Walking down the halls of a public health agency in the fall of 2009, I quickly became recognizable as the person doing research on information-sharing and sensemaking during infectious disease outbreaks. Two weeks into my tenure, I started being hailed by my academic association and playfully taunted with echoes of my research question: “Hey, Berkeley! Have you figured out the problem of information yet?”
The joke belied the fact that people were often extremely eager to talk about the various issues associated with information in public health: gathering data, getting access to various types of data or information, deciphering information in the form of graphs or tables or numbers, generating and recirculating information, and discerning what was often referred to as any “actionable information” that might be used to help halt the spread of a growing pandemic. Often after I explained the research goals of the interdisciplinary team project I was on, people would let out an audible sigh expressing an “information fatigue” brought on by dealing with the daily glut. The public health professionals I knew well or interviewed – working in public health agencies in the United States and Hong Kong – habitually referred to the steady stream of emails, phone calls, meetings, and teleconferences as part of a “sea of information” or a veritable “data deluge.” Already taxed with their regular duties of disease surveillance, prevention efforts, and outbreak response, public health workers everywhere felt that their burdens had increased exponentially throughout the first ten months of the 2009 H1N1 pandemic.
People regularly complained about “drowning” in information, about being bowled over by a never-ending series of “waves” of data, about having “barely a drop” of usable information in the oceans that crossed their desks each day. I rapidly discovered that the collective goal wasn’t necessarily to become adept swimmers; rather, it seemed to be simply learning to tread water in the midst of a virtual sea of information. The experts and analysts I worked alongside or interviewed throughout the year-long pandemic continuously voiced a common longing for a more permanent solution to the problem of too much information, for a method or practice or tool that might help them cope with the overflow produced by rapidly improving technological systems of data generation and information-sharing. In 2009, the primary problem was no longer necessarily getting access to information, but of effectively coping with an overabundance of it.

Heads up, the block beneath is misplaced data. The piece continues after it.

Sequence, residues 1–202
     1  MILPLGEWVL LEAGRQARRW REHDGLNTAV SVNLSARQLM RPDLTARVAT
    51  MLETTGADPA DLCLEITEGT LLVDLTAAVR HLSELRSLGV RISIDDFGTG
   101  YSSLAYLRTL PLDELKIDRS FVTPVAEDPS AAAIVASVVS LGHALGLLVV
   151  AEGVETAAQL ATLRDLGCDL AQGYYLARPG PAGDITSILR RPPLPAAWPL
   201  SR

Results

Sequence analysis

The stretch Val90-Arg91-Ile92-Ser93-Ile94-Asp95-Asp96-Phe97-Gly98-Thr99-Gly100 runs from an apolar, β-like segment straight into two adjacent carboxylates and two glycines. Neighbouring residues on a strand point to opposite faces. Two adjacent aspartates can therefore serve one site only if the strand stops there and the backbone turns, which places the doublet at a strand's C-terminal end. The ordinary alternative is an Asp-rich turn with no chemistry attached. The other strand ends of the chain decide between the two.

Post-SARS in 2003, it had become apparent to those within the global public health community that information on infectious disease outbreaks of global importance needed to be: 1.) verifiable from a trusted or validated source; 2.) more readily circulated; and 3.) shared at a faster rate. The public health community’s subsequent emphasis on fostering greater transparency and information-sharing in public health, spearheaded by changes to the WHO’s system for reporting infectious diseases, including the revision of the International Health Regulations (IHR), solved some of the concerns over access to information, yet at the same time added an increased pressure to more quickly report validated – or good – information. The modern “myth” that increased transparency and access to more information would produce “better” information had been born. And yet, during the world’s first influenza pandemic in decades, it became increasingly apparent to everyone working in public health that more information was not necessarily better information. Instead, the reality of information-sharing during the 2009 H1N1 pandemic had highlighted other, more social – or human – problems tied to the quality of the information being readily shared.